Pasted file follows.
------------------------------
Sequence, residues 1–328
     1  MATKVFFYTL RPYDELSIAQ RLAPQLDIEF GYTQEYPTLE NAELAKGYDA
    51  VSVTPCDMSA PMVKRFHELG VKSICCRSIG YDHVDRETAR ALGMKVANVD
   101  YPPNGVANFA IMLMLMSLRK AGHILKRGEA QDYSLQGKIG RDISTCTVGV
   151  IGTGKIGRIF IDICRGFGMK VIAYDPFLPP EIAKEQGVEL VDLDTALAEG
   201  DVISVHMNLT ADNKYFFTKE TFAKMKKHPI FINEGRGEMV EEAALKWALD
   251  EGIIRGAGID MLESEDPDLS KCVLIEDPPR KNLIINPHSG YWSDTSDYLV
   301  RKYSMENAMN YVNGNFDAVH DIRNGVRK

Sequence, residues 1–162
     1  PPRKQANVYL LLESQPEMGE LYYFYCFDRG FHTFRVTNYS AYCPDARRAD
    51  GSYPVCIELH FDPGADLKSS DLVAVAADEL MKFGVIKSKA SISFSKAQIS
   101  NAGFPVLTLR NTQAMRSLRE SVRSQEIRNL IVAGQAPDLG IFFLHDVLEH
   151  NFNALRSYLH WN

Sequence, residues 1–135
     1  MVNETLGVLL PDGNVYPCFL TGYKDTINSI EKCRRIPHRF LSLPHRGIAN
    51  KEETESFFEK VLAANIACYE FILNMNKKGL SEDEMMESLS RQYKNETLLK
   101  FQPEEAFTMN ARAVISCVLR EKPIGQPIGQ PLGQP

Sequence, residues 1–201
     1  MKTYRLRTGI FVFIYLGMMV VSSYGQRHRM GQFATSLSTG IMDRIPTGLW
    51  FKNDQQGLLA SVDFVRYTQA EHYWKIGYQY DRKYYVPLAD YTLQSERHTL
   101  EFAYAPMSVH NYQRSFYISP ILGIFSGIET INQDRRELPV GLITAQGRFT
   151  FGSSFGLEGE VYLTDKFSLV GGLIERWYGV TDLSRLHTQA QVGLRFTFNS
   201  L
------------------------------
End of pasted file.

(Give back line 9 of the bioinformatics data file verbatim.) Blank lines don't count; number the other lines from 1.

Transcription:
Sequence, residues 1–162